Unethical Quote of the Month: NFL Hall of Famer Chris Carter

You tell it like it is, Chris!

You tell it like it is, Chris!

“Y’all not all going to do the right stuff, I got to teach y’all how to get around all this stuff, too. If you going to have a crew, one of those fools got to know he’s going to jail. We’ll get him out. If you going to have a crew, make sure they understand can’t nothing happen to you. Your name can’t be in lights, under no circumstances…In case y’all not going to decide to do the right thing, if y’all got a crew, you got to have a fall guy in the crew.” 

—NFL Hall of Famer Chris Carter, speaking to first year NFL players in a 2014 league-sponsored rookie symposium to help them “adapt to professional football.” His advice was then echoed by fellow Hall of Famer Warren Sapp.

That the NFL’s retired role models and immortals were–Have been? Still are?—giving out such toxic and unethical “wisdom” under the league’s auspices went unnoticed until a recently retired player,the 49ers’ Chris Borland who quit after just one season because he feared brain damage, referenced Carter’s speech on ESPN. Not only did the NFL’s speakers instruct its rookies to make sure they have a designated “fall guy” if they decide to break the law, it had Carter’s speech on its website all this time.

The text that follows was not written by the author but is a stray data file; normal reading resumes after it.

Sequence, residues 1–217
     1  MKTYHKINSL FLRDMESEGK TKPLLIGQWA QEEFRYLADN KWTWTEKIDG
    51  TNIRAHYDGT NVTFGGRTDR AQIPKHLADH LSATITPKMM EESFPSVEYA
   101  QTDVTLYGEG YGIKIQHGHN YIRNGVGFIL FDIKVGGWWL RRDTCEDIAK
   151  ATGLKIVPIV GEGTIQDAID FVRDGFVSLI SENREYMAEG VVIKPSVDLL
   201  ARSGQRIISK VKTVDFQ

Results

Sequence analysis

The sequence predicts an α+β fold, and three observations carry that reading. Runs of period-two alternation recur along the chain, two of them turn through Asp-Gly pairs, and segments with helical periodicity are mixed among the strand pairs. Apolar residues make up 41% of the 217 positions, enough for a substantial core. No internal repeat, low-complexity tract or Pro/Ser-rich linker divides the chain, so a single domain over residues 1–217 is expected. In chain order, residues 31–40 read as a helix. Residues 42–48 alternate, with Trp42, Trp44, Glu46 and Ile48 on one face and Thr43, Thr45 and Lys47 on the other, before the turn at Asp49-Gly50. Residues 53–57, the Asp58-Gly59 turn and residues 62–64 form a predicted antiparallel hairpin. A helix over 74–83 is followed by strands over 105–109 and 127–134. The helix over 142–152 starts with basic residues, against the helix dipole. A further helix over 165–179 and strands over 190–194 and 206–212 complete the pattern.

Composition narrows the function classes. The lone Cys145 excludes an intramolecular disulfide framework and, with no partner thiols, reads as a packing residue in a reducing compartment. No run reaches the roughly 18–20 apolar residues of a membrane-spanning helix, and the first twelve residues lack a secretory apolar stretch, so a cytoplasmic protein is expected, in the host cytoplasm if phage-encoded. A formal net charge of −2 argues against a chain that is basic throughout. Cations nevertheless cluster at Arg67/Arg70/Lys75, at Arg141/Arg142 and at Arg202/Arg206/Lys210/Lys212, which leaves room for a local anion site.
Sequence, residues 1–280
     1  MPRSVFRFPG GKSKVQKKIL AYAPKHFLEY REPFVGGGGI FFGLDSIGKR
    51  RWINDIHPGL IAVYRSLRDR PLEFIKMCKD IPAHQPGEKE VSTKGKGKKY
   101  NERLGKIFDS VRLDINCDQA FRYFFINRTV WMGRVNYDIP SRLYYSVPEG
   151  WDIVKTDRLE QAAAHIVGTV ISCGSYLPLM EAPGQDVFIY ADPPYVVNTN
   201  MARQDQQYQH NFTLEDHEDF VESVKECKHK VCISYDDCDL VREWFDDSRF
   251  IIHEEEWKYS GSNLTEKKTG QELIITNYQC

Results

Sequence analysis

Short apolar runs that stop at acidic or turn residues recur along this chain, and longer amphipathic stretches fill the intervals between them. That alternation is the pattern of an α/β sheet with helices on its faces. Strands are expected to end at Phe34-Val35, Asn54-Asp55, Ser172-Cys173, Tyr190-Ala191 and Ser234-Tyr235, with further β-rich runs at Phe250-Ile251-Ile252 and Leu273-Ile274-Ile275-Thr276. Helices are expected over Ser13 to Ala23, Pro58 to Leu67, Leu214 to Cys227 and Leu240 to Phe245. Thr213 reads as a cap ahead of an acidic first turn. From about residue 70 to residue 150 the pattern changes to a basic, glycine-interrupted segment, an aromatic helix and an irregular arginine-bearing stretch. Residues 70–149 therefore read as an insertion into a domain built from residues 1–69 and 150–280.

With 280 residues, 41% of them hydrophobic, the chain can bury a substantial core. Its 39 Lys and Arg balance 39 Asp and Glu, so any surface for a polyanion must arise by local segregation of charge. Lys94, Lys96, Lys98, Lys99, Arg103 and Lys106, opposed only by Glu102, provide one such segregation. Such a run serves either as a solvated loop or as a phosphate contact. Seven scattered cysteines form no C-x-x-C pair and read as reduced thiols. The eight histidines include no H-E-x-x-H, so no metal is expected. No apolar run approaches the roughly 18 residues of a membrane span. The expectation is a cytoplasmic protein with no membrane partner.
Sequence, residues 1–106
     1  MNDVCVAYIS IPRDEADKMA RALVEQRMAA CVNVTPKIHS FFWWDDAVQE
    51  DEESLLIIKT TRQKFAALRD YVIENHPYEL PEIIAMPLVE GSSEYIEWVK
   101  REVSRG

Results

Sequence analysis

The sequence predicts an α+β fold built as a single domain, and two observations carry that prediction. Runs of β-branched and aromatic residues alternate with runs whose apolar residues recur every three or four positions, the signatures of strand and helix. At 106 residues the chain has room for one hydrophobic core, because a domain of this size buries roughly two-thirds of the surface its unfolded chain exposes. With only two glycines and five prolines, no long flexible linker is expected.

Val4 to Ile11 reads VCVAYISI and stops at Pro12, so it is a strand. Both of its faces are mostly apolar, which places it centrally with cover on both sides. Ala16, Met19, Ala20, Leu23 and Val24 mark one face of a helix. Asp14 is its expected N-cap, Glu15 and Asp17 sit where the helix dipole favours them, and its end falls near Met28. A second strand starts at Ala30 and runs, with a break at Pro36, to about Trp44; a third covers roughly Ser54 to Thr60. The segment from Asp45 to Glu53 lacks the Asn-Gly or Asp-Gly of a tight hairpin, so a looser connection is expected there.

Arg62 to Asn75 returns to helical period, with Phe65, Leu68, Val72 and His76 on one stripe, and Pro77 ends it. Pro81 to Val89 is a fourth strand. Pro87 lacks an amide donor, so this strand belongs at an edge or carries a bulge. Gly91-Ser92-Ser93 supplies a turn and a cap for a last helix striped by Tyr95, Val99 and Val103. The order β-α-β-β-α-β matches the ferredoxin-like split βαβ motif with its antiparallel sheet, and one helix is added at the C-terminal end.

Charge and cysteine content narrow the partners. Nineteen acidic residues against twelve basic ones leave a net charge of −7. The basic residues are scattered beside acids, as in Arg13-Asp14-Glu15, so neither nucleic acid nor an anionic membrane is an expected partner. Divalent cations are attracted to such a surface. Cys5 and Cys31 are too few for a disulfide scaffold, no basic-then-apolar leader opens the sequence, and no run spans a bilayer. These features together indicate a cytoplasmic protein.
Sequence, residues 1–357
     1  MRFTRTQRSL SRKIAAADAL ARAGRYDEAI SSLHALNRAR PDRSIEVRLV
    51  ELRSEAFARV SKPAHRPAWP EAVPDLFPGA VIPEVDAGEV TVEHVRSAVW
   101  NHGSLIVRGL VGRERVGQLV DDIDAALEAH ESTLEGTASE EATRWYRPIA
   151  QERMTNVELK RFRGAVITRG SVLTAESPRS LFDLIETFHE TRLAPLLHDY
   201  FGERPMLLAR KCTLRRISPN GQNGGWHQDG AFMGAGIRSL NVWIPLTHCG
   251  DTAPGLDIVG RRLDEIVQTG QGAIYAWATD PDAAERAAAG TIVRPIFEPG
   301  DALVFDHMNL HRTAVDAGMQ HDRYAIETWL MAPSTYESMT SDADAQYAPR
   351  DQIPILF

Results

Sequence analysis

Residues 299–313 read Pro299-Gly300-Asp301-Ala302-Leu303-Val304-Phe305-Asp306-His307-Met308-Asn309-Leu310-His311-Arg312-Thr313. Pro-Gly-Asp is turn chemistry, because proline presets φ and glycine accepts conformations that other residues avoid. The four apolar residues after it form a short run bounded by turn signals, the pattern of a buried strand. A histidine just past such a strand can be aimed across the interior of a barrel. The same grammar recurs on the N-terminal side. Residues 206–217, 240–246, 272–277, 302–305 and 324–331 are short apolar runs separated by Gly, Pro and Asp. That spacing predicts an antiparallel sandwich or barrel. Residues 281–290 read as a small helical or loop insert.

Now it’s all about damage control, of course. ESPN, which currently employs this ethics-challenged “sportsman” as an analyst, said in a statement…

“We completely disagree with Cris’s remarks and we have made that extremely clear to him. Those views were entirely his own and do not reflect our company’s point of view in any way.”

Carter’s comments do, however,reflect the prevailing culture of the NFL, which ESPN is so deeply in bed with that it can’t reach the pillow.

The NFL, for its part, said…

“This was an unfortunate and inappropriate comment made by Cris Carter during the 2014 NFC rookie symposium. The comment was not representative of the message of the symposium or any other league program. The league’s player engagement staff immediately expressed concern about the comment to Cris. The comment was not repeated in the 2014 AFC session or this year’s symposium.”

‘Buuuuut we decided to leave the video up on our website anyway, since it does accurately describe the completely corrupt and ethics-free culture of professional football, as anyone who paid attention to the last twelve months knows, because nobody in our offices knows good ethics from a corndog, and because we know our faithful fans don’t care if our players cheat, or slug their girlfriends, or beat their children with sticks, or take illegal drugs, or end up mentally crippled by the time they are 50. They just want to drink beer and eat chicken wings on Sunday afternoons, see men crush each other, drool at the cheerleaders and see their teams make the play-offs.”